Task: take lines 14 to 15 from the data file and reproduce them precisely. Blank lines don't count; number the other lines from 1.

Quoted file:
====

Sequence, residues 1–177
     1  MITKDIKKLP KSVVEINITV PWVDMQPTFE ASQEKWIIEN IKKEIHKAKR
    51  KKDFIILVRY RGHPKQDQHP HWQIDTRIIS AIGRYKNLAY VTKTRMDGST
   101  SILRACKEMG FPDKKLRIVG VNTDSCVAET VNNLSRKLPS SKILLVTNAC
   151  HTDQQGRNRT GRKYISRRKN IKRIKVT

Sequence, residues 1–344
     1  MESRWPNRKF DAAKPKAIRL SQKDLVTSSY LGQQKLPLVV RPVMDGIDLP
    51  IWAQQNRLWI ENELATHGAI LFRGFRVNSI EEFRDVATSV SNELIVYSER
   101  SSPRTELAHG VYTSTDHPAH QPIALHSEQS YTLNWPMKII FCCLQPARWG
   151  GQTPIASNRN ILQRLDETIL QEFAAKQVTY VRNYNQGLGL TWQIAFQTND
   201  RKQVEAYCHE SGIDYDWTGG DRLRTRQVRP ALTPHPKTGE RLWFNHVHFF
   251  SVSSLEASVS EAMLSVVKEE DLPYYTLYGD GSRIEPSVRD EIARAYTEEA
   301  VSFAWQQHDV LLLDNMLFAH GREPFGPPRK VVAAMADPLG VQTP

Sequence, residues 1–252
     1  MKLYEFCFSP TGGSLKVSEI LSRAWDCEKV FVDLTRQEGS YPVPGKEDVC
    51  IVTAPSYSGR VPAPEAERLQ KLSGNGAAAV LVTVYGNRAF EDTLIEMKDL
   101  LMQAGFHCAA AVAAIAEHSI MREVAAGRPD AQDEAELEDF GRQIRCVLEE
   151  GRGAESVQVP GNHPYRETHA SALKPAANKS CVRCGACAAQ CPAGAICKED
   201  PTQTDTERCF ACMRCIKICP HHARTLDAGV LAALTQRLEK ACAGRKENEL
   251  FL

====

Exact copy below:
Sequence, residues 1–252
     1  MKLYEFCFSP TGGSLKVSEI LSRAWDCEKV FVDLTRQEGS YPVPGKEDVC